Another argument, vaguer and even less persuasive, is that gay marriage somehow does harm to heterosexual marriage. I have yet to meet anyone who can explain to me what this means. In what way would allowing same-sex partners to marry diminish the marriages of heterosexual couples? Tellingly, when the judge in our case asked our opponent to identify the ways in which same-sex marriage would harm heterosexual marriage, to his credit he answered honestly: he could not think of any.
The simple fact is that there is no good reason why we should deny marriage to same-sex partners. On the other hand, there are many reasons why we should formally recognize these relationships and embrace the rights of gays and lesbians to marry and become full and equal members of our society.
No matter what you think of homosexuality, it is a fact that gays and lesbians are members of our families, clubs, and workplaces. They are our doctors, our teachers, our soldiers (whether we admit it or not), and our friends. They yearn for acceptance, stable relationships, and success in their lives, just like the rest of us.
Conservatives and liberals alike need to come together on principles that surely unite us. Certainly, we can agree on the value of strong families, lasting domestic relationships, and communities populated by persons with recognized and sanctioned bonds to one another. Confining some of our neighbors and friends who share these same values to an outlaw or second-class status undermines their sense of belonging and weakens their ties with the rest of us and what should be our common aspirations. Even those whose religious convictions preclude endorsement of what they may perceive as an unacceptable “lifestyle” should recognize that disapproval should not warrant stigmatization and unequal treatment.
When we refuse to accord this status to gays and lesbians, we discourage them from forming the same relationships we encourage for others. And we are also telling them, those who love them, and society as a whole that their relationships are less worthy, less legitimate, less permanent, and less valued. We demean their relationships and we demean them as individuals. I cannot imagine how we benefit as a society by doing so.
I understand, but reject, certain religious teachings that denounce homosexuality as morally wrong, illegitimate, or unnatural; and I take strong exception to those who argue that same-sex relationships should be discouraged by society and law. Science has taught us, even if history has not, that gays and lesbians do not choose to be homosexual any more than the rest of us choose to be heterosexual. To a very large extent, these characteristics are immutable, like being left-handed. And, while our Constitution guarantees the freedom to exercise our individual religious convictions, it equally prohibits us from forcing our beliefs on others. I do not believe that our society can ever live up to the promise of equality, and the fundamental rights to life, liberty, and the pursuit of happiness, until we stop invidious discrimination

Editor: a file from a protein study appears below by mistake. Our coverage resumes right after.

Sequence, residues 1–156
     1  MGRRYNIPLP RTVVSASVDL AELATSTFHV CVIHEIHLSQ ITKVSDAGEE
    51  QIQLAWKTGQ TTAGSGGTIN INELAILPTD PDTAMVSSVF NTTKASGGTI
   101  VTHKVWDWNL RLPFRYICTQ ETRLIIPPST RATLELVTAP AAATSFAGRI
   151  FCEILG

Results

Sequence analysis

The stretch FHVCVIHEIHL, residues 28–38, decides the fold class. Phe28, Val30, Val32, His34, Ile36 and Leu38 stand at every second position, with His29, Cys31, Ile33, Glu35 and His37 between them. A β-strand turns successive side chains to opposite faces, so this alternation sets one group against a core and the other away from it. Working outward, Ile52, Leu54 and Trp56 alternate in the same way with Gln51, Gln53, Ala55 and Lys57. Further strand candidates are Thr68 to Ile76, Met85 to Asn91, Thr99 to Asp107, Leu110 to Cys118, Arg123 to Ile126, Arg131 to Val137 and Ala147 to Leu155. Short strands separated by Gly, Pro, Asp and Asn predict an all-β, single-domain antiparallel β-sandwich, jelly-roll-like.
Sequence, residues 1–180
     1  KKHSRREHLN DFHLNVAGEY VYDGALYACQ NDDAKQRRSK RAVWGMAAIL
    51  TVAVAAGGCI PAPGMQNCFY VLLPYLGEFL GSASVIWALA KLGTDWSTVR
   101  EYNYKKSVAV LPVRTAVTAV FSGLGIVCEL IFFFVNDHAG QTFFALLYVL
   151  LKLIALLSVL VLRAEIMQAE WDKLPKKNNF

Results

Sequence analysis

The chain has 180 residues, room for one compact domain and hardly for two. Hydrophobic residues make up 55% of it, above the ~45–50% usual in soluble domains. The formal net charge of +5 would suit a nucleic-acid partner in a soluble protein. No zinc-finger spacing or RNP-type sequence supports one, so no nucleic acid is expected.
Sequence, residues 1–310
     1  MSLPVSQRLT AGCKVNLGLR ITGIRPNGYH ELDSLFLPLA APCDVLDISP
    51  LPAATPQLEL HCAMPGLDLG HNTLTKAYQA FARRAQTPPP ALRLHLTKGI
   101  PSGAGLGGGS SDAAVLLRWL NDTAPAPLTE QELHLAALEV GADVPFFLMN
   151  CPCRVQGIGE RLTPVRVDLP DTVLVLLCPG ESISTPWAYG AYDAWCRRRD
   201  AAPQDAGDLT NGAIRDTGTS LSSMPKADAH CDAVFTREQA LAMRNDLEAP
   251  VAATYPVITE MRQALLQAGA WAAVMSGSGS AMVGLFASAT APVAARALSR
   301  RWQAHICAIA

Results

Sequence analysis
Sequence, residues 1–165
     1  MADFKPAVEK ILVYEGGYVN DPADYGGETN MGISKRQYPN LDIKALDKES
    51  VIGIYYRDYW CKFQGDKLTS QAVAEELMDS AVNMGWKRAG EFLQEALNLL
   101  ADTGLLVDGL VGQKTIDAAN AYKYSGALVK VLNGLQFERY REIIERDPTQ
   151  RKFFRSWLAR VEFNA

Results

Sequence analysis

on the basis of sexual orientation.
If we are born heterosexual, it is not unusual for us to perceive those who are born homosexual as aberrational and threatening. Many religions and much of our social culture have reinforced those impulses. Too often, that has led to prejudice, hostility, and discrimination. The antidote is understanding, and reason. We once tolerated laws throughout this nation that prohibited marriage between persons of different races. California’s Supreme Court was the first to find that discrimination unconstitutional. The U.S. Supreme Court unanimously agreed 20 years later, in 1967, in a case called Loving v. Virginia. It seems inconceivable today that only 40 years ago there were places in this country where a black woman could not legally marry a white man. And it was only 50 years ago that 17 states mandated segregated public education—until the Supreme Court unanimously struck down that practice in Brown v. Board of Education. Most Americans are proud of these decisions and the fact that the discriminatory state laws that spawned them have been discredited. I am convinced that Americans will be equally proud when we no longer discriminate against gays and lesbians and welcome them into our society….
I can almost forgive the guy for helping George W. Bush get elected…
Read more of Newsweek’s trial coverage here. Offering another good sign that the Right is splintering on this issue, Cindy and Meghan McCain, the wife and daughter of 2008 Republican presidential candidate Sen. John McCain (R, Ariz.), posed for promotional photos for the NO H8 website–despite the fact that the senator himself opposes gay marriage. Score one for feminism.